When nonprofits talk to us about taking on volunteers for major projects, Aspiration often plays the negative Nelly of the group. We believe that when considering a volunteer:
Expect Nothing. Be Happy with Anything.
Volunteers can be the mirage in the nonprofit workload desert OR they can be a valuable member of your team, ready to move Hell or High Water to get those damn file folders color-coded. A good volunteer relationship is laid out formally as an agreement with expectations so that there is some commitment between the organization and the volunteer. Otherwise (and sometimes even though), organizations can find themselves cleaning up a half-completed project when a volunteer finds a job or gets too busy.
Because the hope of volunteers is omnipresent in the nonprofit world and the circumstances around their use are so unique, there have been many attempts at successfully developing software tools to help with recruiting, selecting and managing volunteers. Volunteer-specific functionality (vs. general CRM software functionality) can include things like:
- Tracking availabilities
- Indexing volunteer skills
- Assigning shifts
- Recording participation
To the right, (click through to see, RSS readers), is a Volunteer Management toolbox full of resources to help organizations figure out how to find a Johnny-I-Work-For-Free and then actually manage him effectively.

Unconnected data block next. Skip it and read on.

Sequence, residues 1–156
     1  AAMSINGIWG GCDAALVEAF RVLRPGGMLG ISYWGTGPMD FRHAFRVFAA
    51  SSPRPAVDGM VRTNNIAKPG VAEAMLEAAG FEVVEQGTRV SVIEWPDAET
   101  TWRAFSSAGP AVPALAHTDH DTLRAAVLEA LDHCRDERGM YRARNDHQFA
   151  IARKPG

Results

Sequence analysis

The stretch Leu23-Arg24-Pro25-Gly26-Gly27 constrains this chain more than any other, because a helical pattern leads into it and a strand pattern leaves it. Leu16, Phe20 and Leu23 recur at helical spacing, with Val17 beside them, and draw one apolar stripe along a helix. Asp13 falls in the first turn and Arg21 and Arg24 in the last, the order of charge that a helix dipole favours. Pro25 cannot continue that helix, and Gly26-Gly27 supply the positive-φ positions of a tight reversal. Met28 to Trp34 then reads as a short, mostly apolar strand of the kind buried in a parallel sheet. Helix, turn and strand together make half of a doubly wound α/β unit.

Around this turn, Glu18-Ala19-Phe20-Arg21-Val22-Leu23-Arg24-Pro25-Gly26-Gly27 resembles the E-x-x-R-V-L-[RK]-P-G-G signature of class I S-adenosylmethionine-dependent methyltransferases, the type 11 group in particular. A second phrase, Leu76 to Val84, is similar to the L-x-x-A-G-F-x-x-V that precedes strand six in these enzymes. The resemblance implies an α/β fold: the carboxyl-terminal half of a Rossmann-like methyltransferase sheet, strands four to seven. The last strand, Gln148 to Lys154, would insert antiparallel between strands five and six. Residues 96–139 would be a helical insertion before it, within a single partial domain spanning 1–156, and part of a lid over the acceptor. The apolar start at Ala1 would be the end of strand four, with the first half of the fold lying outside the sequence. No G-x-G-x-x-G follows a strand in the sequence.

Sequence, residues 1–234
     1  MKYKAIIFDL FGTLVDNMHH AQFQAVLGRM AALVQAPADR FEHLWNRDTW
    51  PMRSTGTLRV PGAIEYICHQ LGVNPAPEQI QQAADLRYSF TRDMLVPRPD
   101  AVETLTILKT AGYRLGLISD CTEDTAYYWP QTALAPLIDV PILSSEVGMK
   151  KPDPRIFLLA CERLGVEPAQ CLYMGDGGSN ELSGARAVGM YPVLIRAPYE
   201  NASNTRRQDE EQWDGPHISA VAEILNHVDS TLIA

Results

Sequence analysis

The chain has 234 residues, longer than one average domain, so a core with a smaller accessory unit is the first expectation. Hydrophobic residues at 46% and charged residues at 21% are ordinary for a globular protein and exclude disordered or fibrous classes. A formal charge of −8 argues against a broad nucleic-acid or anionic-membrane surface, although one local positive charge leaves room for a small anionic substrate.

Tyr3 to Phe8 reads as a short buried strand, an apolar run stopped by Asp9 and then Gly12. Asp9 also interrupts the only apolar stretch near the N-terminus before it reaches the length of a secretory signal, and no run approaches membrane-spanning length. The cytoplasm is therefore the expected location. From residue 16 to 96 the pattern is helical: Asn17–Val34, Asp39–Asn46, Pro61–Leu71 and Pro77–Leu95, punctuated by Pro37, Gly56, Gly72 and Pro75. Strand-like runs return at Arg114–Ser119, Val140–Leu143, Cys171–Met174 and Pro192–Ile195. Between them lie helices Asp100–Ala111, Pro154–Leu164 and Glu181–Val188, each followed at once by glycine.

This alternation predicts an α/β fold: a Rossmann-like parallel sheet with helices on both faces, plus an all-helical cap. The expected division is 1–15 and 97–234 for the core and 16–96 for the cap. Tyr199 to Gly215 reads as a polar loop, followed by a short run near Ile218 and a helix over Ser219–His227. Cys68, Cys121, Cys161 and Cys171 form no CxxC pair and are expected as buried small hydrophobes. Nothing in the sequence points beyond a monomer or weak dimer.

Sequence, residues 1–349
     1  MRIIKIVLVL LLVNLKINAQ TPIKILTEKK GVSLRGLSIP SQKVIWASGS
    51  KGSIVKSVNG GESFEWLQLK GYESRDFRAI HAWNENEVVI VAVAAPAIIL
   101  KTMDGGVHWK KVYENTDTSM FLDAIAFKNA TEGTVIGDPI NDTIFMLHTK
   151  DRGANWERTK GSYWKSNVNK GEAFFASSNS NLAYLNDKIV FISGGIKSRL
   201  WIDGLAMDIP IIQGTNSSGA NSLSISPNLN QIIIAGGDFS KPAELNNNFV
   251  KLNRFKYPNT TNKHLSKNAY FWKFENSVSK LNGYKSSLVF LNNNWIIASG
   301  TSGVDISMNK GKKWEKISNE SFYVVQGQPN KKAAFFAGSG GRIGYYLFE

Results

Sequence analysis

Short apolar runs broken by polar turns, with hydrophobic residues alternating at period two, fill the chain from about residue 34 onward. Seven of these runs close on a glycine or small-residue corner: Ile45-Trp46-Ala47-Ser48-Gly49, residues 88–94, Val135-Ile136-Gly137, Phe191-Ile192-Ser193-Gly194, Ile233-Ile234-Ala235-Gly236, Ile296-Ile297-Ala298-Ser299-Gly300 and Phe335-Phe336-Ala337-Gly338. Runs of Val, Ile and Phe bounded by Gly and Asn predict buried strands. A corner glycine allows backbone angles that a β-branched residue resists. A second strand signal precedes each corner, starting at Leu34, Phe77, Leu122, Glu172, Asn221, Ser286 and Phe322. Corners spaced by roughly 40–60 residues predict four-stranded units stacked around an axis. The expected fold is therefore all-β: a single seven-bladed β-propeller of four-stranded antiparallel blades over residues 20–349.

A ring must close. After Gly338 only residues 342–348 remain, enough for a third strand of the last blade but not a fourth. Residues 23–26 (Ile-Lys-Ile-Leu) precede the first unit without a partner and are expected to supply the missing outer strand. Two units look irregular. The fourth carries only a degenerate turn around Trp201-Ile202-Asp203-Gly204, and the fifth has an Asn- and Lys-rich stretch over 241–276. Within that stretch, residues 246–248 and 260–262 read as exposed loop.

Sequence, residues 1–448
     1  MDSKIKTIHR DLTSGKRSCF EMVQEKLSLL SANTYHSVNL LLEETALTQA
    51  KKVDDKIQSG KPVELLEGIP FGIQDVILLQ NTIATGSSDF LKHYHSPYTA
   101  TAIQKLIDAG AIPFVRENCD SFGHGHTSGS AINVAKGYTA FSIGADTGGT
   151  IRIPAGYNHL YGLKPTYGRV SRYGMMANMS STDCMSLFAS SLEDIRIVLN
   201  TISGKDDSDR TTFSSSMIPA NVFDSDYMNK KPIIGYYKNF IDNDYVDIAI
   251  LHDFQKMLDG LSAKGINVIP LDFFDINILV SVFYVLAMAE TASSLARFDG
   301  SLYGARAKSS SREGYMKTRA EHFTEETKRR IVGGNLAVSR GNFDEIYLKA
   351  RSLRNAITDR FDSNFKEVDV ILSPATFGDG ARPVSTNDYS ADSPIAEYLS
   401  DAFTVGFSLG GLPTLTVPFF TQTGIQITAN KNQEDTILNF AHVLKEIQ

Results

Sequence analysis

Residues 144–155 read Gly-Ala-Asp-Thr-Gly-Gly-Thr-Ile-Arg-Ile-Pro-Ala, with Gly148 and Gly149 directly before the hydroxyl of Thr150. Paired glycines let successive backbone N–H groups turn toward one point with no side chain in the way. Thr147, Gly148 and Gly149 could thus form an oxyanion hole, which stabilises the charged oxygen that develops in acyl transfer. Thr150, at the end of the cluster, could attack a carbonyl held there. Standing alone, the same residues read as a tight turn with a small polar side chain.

From the projects of the Extraordinaries that allow an organization to take advantage of micro-volunteering to NABUUR, an online volunteering platform that links Neighbours (online volunteers) with Villages (local communities) in Africa, Asia and Latin America, there are some interesting tools to not only get your volunteer on but to find the perfect person for your org.
Check out the tools to the right and feel free to leave a comment on the tool if you have something to say. We want to know what you think of these tools.
What experience do you have using volunteers at your organization?
Did you find any software tools particularly helpful in the process? Or were they little better than a good spreadsheet? Let us know!